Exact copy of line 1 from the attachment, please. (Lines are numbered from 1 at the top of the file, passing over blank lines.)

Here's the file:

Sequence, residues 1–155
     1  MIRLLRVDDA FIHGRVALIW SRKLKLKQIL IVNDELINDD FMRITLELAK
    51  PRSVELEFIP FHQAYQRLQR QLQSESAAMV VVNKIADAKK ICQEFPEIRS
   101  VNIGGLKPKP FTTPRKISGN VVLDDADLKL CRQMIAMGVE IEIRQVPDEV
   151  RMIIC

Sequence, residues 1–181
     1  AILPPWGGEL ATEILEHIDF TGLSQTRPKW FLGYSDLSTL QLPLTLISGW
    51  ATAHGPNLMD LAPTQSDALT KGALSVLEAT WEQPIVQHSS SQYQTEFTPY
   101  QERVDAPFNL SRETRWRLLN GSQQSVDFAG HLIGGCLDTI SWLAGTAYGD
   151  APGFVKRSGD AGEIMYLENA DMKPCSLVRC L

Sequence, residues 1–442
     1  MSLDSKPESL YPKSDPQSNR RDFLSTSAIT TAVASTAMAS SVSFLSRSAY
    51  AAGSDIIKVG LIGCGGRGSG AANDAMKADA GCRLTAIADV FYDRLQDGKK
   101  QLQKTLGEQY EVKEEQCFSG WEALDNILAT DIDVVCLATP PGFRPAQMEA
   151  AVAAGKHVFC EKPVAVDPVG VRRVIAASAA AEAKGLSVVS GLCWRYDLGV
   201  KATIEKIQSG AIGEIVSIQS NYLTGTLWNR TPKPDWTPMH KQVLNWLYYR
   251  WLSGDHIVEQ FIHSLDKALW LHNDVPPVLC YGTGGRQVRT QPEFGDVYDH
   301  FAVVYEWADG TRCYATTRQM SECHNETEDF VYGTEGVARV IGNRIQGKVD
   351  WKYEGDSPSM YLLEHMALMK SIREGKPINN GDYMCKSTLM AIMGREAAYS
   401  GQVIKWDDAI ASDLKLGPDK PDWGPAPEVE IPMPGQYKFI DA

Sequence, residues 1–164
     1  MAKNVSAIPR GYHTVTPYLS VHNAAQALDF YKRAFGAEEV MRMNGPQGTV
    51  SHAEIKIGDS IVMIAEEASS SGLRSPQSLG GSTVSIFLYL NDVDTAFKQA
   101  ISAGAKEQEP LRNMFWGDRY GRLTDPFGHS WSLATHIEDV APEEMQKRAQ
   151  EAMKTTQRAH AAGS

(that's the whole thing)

Sequence, residues 1–155